Six months later, Ben moved to San Francisco.
Once the economy started to cool, they moved to Seattle. They married and lived there three years, but it was always a struggle. Ben tried to start a construction business, but it collapsed and he ended up working for a starting carpenter’s wage while his wife, seven months pregnant with their first child, waited tables. It was a low point, he said.
They decided to move to Minnesota. She took care of Jack and started working on a two-year accounting degree. Ben finally gave up on construction and beat out 400 other applicants — many of them also exiles from the building trades — for a job as a train conductor with Canadian Pacific. He got up at 3 a.m., worked 14-hour days and sometimes was away for three days at a time.
But he was grateful for the job. “He did what he needed to do to take care of us,” Rebekah Erler said. “He just worked and worked and worked and worked to keep us afloat.”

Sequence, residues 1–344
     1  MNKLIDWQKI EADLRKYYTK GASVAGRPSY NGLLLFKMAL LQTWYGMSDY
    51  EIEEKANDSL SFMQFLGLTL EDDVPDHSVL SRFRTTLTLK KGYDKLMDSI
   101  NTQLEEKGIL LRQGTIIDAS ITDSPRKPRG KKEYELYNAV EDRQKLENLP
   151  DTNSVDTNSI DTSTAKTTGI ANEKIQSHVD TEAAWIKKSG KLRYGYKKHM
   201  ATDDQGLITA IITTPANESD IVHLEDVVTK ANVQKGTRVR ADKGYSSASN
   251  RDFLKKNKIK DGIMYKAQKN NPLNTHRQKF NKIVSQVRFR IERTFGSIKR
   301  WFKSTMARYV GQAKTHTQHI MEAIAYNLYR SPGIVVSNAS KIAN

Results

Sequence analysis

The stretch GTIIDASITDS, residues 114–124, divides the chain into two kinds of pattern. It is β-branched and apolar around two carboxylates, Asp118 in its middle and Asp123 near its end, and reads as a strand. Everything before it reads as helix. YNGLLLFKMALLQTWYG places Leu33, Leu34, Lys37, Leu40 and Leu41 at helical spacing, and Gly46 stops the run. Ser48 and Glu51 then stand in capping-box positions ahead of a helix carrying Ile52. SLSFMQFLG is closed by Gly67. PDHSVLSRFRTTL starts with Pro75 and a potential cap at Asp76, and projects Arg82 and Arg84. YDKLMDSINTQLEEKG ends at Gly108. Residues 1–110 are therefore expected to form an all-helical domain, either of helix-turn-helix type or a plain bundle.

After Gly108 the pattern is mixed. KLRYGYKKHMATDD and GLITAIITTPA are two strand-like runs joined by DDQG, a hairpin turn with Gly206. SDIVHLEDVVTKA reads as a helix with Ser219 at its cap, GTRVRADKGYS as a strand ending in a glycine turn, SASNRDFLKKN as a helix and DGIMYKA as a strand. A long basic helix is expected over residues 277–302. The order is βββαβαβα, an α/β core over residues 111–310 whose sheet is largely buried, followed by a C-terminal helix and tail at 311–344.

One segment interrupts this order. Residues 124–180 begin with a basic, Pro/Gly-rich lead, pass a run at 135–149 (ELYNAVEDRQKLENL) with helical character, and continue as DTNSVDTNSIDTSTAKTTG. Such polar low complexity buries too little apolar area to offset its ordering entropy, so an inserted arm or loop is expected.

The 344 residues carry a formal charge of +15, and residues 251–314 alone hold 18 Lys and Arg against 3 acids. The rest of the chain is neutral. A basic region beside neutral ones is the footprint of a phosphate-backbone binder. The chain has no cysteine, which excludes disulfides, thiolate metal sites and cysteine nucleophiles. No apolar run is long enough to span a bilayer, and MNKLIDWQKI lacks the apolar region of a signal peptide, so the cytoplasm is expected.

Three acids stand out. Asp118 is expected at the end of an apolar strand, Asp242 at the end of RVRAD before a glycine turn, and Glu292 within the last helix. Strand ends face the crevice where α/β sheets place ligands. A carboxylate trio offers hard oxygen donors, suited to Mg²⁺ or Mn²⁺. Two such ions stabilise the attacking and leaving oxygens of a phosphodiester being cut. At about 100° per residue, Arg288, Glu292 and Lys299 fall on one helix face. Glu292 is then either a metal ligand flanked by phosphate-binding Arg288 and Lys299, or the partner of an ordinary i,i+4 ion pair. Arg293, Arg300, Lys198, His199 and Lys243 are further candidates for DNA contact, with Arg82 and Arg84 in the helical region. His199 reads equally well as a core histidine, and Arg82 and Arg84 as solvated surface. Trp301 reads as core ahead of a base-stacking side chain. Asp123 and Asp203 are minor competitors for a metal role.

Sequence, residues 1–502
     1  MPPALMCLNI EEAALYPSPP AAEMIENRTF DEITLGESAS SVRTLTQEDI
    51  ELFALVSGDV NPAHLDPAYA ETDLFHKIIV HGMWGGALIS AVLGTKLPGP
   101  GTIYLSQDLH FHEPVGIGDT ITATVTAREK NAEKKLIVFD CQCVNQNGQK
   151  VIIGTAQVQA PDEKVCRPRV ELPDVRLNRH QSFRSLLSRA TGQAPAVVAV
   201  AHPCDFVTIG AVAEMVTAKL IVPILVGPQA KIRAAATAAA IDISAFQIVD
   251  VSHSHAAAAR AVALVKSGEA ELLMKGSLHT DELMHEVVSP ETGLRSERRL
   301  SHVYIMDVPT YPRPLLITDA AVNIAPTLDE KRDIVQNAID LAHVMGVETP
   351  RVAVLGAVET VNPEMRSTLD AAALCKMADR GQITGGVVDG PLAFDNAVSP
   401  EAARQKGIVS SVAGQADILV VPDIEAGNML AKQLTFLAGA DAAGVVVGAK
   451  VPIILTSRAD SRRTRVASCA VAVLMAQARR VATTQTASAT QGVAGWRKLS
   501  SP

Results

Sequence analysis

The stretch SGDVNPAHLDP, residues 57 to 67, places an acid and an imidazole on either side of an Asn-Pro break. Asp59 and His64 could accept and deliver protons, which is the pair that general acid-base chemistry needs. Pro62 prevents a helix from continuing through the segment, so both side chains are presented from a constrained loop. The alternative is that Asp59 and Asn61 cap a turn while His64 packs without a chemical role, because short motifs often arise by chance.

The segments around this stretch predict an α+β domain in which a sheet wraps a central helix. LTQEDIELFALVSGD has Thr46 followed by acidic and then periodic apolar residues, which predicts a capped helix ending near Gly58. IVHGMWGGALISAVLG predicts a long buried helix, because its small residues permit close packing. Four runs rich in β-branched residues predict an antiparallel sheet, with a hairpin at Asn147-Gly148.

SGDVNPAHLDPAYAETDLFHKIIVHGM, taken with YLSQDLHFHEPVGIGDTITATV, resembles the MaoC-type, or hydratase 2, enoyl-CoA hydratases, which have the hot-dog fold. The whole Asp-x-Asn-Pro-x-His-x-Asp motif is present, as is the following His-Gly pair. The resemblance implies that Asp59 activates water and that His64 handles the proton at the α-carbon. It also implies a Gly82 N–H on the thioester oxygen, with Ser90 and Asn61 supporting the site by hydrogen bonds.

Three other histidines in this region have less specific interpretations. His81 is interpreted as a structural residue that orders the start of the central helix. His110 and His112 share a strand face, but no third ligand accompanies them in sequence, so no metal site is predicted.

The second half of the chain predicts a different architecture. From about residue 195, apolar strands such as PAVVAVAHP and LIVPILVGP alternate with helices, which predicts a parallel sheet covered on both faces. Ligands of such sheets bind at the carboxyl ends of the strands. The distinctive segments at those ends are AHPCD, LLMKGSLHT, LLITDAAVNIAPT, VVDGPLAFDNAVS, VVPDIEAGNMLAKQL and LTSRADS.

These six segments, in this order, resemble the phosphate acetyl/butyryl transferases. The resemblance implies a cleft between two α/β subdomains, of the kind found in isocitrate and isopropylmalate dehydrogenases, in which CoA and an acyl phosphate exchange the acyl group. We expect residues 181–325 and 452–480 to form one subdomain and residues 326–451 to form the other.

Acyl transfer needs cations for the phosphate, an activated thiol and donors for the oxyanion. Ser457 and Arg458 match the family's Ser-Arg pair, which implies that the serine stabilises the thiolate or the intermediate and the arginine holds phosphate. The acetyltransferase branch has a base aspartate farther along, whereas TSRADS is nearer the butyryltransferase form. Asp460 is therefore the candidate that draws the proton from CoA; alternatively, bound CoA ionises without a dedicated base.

By early 2014, Rebekah completed her degree and started work as an accountant. Ben was back doing construction. And yet the cost of child care was canceling out the second income.
She kept hearing that the economy was improving, but it didn’t seem real to her. So she wrote a letter to the president, explaining the cost of child care and the challenges middle-class families face.
“It was more cathartic than anything,” she said. “I sat down to write the letter, I felt better, I put it in the mail. I said what I wanted to say.”
She expected a form letter, if anything, in response.